In a decision with potentially large ramifications, New York Federal Judge LaShann DeArcy Hall won't dismiss a libel suit against "Shitty Media Men" creator Moira Donegan.
Explaining, the judge says it is possible that Donegan created the entry herself. The judge believes that Elliott should be able to explore whether the entry was fabricated. Accordingly, discovery proceeds, which will now put pressure on Google to respond to broad subpoena demands. The next motion stage could feature a high-stakes one about the reaches of CDA 230.
There’s a comedian musician named “Weird Al” Yankovic. I’ll assume you’re familiar with the name for the sake of the post.
His music comes with one of five premises:
- Taking Pop music hits and re-writing the lyrics in an absurd parody
- Making a medley of some other pop music hits, in a accelerated pace and in a polka style
- Writing an original song with original lyrics…
- … in the musical style of a popular musician or band
- … focusing heavily on a single humorous premise, absurdity or satire
- … lampooning a songwriting tradition (usually these are love songs apparently written by sociopaths)
For example, on his 1988 album “Even Worse”, the track list is:
- Fat – (type #1 – a cover of Michael Jackson’s song, “Bad”)
- Stuck in a Closet with Vanna White – (type #3.2 – an original song, with original music)
- (This Song’s Just) Six Words Long – (type #1 – a parody cover of George Harrison’s song, “I Got My Mind Set On You”)
- You Make Me – (type #3.1 – an original song in the style of Oingo Boingo)
- I Think I’m a Clone Now – (type #1 – a cover of the Tiffany song, “I Think We’re Alone Now”, which is itself a cover of the 1967 song by Tommy James & The Shandells)
- Lasagne – (type #1 – a cover, of the Los Lobos cover, of the Richie Valens cover, of the Mexican folk song “La Bamba”)
- Melanie – (type #3.3 – a psychotic writes a love song)
- Alimony – (type #1 – a cover, of the Billy Idol cover, of the Tommy James and the Shondells song “Mony, Mony”)
- Velvet Elvis – (type #3.1, an original song written in the style of The Police)
- Twister – (type #3.1, an original song written in the style of The Beastie Boys)
- Good Old Days – (type #3.1, an original song written in the style of James Taylor)
(Oddly, no polka medley on “Even Worse”.)
Folks generally either really like Weird Al, or they find him simplistic and stupid. Usually the folks who find him simplistic and stupid have only heard his straight parody songs (and only a few of them, and also they don’t have a weird sense of humor, and they’re dumb and wrong… but let’s not judge them too badly).
Sure, when I bought my first Weird Al cassette (his first album, Weird Al Yankovic), I bought it for “Another One Rides the Bus”, but the two tracks on the album that have always made me laugh the most are “The Check’s in the Mail” and my all-time favorite Weird Al song, “Mr. Frump in the Iron Lung”, both of which are 3.2s. This is common for his discography. I almost always like his darkest humor, and his original songs are usually the darkest ones.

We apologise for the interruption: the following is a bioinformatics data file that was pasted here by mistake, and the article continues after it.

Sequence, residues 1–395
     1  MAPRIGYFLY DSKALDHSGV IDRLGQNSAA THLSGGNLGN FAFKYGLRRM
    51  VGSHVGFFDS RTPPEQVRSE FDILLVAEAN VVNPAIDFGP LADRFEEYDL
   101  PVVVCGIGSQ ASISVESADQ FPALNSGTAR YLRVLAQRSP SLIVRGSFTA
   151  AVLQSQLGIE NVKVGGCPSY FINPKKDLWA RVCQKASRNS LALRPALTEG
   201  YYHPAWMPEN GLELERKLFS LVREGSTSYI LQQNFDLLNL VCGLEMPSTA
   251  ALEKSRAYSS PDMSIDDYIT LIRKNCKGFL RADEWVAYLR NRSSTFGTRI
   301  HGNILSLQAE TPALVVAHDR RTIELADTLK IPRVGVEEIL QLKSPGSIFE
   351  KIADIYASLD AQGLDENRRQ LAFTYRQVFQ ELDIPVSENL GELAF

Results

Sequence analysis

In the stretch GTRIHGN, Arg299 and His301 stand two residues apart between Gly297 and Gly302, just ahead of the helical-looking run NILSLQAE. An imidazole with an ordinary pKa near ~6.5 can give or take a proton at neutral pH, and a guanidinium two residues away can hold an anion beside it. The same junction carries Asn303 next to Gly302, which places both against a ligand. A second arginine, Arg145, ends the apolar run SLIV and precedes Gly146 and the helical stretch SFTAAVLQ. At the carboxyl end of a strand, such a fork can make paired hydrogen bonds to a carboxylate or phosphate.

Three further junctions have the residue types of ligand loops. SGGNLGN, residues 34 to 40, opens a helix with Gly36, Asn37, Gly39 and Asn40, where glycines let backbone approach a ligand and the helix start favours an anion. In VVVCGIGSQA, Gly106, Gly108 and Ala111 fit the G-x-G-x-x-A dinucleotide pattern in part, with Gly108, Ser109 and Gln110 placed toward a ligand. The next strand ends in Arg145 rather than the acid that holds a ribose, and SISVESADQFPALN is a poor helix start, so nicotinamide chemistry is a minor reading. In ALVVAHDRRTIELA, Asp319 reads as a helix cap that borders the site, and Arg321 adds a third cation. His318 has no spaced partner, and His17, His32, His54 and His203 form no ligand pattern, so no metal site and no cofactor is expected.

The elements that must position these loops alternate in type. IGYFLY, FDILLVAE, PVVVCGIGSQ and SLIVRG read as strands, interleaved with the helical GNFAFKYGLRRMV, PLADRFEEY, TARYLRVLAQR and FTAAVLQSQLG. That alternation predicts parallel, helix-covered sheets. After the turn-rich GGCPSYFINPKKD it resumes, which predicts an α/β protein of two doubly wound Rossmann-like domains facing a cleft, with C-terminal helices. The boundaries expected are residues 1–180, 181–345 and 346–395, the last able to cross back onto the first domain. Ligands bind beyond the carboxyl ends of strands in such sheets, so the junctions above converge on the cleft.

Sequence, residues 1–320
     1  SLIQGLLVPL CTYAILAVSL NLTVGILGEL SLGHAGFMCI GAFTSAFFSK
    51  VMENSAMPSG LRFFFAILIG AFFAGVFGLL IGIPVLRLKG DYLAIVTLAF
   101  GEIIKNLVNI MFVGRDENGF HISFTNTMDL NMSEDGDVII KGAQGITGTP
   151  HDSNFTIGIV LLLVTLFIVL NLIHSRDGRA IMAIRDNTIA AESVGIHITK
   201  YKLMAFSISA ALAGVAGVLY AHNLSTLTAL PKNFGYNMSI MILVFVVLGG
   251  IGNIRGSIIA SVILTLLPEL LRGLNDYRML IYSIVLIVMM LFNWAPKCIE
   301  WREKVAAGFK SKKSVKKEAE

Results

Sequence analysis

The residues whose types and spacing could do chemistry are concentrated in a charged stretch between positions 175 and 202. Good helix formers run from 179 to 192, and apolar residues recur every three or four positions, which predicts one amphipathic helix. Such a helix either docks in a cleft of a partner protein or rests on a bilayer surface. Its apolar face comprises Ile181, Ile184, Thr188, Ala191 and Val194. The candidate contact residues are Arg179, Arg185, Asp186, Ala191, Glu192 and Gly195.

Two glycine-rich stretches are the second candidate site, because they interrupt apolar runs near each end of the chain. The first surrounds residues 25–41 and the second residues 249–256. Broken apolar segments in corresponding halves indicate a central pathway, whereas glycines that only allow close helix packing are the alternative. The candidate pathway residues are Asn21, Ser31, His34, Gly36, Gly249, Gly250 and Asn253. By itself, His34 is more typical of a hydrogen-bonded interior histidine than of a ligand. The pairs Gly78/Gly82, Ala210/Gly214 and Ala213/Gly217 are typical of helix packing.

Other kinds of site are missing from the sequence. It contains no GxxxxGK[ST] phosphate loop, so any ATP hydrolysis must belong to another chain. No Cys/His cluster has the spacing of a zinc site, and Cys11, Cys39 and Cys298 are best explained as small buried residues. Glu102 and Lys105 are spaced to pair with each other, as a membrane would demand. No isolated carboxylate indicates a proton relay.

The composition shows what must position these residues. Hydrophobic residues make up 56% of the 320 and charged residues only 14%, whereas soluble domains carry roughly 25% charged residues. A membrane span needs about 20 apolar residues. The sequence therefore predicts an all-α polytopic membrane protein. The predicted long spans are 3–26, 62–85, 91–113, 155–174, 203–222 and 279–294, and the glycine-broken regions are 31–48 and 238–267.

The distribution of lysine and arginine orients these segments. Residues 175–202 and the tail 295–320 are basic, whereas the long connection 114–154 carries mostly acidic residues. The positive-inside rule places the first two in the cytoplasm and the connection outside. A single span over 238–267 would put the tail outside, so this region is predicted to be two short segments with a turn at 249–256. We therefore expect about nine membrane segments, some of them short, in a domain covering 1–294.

But from the standpoint of musicianship, the ones that I admire the most… as a testament to Al’s actual skills… are his 3.1 songs. I suspect it’s pretty difficult to write original music that evokes enough of an existing musician’s style without a lot of hard work. A few artists that have had their work parodied or lampooned by Al mention that they occasionally think of his lyrics for their songs, which made me wonder…
Have any of them ever done a “reverse-Weird Al”?
I can think of two versions of this… one would be just covering Weird Al’s parody of your song (or covering his song written in your style) during a live event. Turns out this has happened at least to some degree, according to Wikipedia:
The Presidents of the United States of America were so pleased with “Gump”, Yankovic’s parody of their song “Lump”, that they ended the song with his last line instead of their own (“And that’s all I have to say about that”) on the live recording of “Lump” featured on the compilation album Pure Frosting.
I’d call that half meta. Or maybe 1/8th meta? I have to admit, if the Oingo Boingo guys were still doing the Halloween show, I’d pay serious money to hear them cover “You Make Me”.
The second version would be to go full meta and do a “reverse full Weird Al”.
Step One: Weird Al has written an original song in the style of your band, such as Velvet Elvis (The Police) or Good Old Days (James Taylor)
Step Two: the target artist turns around and writes a parody version of the Weird Al song, using their own made-up lyrics (presumably ones that are actually not absurd, but in your actual lyrical style).
I would be tickled to know if this has ever happened.
I’d be even more tickled if it happened, and then Weird Al went and included the parody version of his own song in the polka medley on a future album.
That would be meta-meta!